Author Elmore Leonard Created a U.S. Marshal Who Will Live On
BIRMINGHAM, Mich. — Elmore Leonard, the acclaimed crime novelist who died Tuesday morning, imagined characters who behave and sound like believable law breakers and law enforcers.
His best-known plot stars include Raylan Givens, a deputy U.S. marshal on page and screen.
Leonard, who died at 87 in his suburban Detroit home from complications of a stroke he suffered a few weeks back, was working on a book called “Blue Dreams” that would have been his 46th. “He was going to bring the character Raylan Givens into it,” son Peter Leonard tells Susan Whitall of The Detroit News.
Leonard introduced that federal marshal in “Pronto,” a 1993 book, and brought him back two years later in “Riding the Rap” and in a 60-page novella issued in 2011 as “Fire in the Hole.”
In “Justified,” a FX cable series that began in 2010 and returns next January, Timothy Olyphant portrays the tough lawman enforcing a beyond-regulations style of justice in eastern Kentucky’s hill country around Harlan.
When a real-life parole violator was arrested there last March, one headline said: Life Imitates Art, ‘Justified’ Edition: U.S. Marshals Hunt Down Fugitive in Harlan County.
But how closely does Leonard’s fictional marshal resemble the real deal?
In an effort to find out, a Cleveland Plain Dealer reporter last year watched the show’s pilot episode with second-generation Deputy U.S. Marshal Pete Elliott, who joined the service in 1987 and has been U.S. marshal for the Northern District of Ohio since 2003.
Until local journalist Mark Dawidziak popped in a DVD at Elliott’s federal courthouse office, he hadn’t seen “the heroic deputy marshal created by esteemed novelist and screenwriter Elmore Leonard.”
The actual badge-wearer admired the pilot’s realistic setup, which had Given assigned to Lexington, Ky., and being told he’d take on all kinds of assignments.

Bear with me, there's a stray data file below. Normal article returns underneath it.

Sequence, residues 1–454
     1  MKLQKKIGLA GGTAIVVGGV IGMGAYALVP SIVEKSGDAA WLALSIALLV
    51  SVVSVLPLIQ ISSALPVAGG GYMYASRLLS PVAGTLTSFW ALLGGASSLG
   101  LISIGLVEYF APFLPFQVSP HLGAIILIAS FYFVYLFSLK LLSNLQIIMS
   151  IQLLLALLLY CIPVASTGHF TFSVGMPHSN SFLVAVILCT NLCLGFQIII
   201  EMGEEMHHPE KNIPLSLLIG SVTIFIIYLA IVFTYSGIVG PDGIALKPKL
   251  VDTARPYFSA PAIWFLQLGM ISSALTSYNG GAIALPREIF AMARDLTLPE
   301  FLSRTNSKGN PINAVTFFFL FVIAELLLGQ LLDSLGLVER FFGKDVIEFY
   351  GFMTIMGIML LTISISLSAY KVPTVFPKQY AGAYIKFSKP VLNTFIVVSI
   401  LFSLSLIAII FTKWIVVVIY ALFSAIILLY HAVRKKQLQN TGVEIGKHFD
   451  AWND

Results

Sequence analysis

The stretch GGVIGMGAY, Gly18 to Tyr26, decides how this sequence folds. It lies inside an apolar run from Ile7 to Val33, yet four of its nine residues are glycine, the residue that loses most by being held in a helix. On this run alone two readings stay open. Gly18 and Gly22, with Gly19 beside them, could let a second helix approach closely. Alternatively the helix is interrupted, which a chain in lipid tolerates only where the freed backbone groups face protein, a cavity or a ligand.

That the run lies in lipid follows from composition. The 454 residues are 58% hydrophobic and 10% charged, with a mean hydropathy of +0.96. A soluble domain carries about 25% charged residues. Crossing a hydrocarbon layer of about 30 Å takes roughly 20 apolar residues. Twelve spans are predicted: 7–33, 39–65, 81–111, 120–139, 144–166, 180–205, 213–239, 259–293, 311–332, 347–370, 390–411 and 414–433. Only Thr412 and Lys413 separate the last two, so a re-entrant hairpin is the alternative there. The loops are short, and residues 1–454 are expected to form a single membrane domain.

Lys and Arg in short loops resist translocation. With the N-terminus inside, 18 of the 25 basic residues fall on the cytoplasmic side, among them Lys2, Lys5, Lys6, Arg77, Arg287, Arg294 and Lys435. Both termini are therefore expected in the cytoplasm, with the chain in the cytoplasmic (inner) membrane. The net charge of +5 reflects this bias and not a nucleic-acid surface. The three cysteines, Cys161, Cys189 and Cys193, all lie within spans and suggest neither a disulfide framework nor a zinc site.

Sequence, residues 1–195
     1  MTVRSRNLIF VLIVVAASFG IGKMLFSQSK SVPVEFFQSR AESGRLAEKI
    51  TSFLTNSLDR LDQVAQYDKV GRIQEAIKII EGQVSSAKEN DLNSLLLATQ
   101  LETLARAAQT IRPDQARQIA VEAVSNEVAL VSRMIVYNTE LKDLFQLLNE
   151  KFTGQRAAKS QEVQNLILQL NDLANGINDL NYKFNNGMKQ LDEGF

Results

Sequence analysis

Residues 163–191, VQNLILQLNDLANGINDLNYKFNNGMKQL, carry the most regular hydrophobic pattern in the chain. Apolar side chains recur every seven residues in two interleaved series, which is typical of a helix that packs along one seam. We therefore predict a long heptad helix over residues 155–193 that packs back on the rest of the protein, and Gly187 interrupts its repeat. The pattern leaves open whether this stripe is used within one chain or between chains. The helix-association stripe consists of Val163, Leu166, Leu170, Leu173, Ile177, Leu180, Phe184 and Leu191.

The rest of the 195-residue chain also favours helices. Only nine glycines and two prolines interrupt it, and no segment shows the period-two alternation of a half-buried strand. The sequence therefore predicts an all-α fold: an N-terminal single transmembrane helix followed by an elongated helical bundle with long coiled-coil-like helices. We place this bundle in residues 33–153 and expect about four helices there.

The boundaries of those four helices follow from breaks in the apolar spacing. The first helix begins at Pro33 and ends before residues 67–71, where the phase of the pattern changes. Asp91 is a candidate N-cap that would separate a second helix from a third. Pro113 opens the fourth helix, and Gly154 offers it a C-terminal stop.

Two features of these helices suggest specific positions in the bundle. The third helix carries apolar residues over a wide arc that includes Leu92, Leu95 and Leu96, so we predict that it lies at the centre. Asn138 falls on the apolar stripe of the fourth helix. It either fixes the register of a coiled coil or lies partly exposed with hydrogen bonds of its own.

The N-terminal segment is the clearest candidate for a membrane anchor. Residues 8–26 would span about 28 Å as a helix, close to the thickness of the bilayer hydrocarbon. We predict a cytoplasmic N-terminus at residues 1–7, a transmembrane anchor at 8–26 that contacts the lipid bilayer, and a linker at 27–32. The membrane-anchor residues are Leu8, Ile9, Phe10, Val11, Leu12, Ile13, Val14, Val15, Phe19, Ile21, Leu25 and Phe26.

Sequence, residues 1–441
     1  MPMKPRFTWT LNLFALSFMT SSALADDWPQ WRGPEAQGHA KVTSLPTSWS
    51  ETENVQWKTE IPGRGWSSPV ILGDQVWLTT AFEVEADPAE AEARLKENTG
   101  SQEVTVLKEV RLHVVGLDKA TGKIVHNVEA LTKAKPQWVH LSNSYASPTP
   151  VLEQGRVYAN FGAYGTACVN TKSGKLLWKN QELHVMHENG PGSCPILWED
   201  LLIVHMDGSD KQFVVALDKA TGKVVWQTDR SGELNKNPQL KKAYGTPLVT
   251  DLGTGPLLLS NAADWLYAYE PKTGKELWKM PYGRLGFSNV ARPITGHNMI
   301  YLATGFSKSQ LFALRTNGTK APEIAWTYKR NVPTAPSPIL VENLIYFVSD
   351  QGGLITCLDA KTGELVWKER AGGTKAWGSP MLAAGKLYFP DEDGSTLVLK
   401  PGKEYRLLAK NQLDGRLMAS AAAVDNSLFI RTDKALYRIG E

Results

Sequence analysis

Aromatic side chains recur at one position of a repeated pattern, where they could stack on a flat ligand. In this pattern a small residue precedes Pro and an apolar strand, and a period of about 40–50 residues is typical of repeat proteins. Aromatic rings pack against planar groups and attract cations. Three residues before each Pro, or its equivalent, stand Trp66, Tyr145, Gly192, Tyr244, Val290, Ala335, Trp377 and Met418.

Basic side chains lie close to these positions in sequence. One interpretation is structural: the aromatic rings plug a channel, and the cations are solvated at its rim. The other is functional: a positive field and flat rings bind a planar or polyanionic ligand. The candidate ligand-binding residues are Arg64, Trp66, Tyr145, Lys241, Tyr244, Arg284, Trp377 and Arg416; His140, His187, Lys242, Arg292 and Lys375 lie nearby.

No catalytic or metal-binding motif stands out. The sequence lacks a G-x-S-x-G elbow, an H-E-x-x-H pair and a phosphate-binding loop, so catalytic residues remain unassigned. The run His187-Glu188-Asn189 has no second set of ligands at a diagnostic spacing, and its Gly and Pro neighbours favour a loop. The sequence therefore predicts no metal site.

“Small offices tend to have less manpower, so that would be the case,” he says. “In a smaller office, a deputy marshal could be asked to do a little bit of everything: working warrants, prisoner transportation, witness relocation, fugitive task force. And it’s not uncommon for someone to be assigned to an area where they grew up. We’re one of the law enforcement agencies that will do that. And I think that’s a good thing.”
Elliott also was impressed by an offhand mention of Glynco, commenting: “That’s our training academy in Georgia. That’s right. Somebody did some research.”
Similarly, he gave a thumb-up to actor Olyphant’s generally casual wardrobe:
“You dress appropriately for court, but, if you’re apprehending fugitives and jumping fences, you’re in jeans.”
But overall, the Cleveland marshal found more unrealistic touches than accurate ones – starting with Givens’ frequent weapon use.
“I’ve never had to fire my gun in the line of duty. It does happen, of course, but every time a weapon is discharged, reports need to be filled out. With the amount of gunfire in this show, Raylan would be up to his ying-yang in paperwork. That’s all he’d be doing. . . .
“I know they want him to be a Lone Ranger type of hero with a lot of Clint Eastwood and John Wayne stuff. It’s not a bad show. It’s just not very representative of what we do.”
Raylan Givens’ creator was a show consultant, though dramatic script flourishes aren’t his.
The vivid characters and crackling dialogue Elmore Leonard put between book covers seemed so real that criminals “write to me and want to know if I’ve done time,” the author told Vice magazine in 2009.
That level of realism flowed partly from reading and other research, and mainly from an imaginative talent that assures his work will endure.
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Posted: 8/21/13 at 9:34 AM under Special Report.
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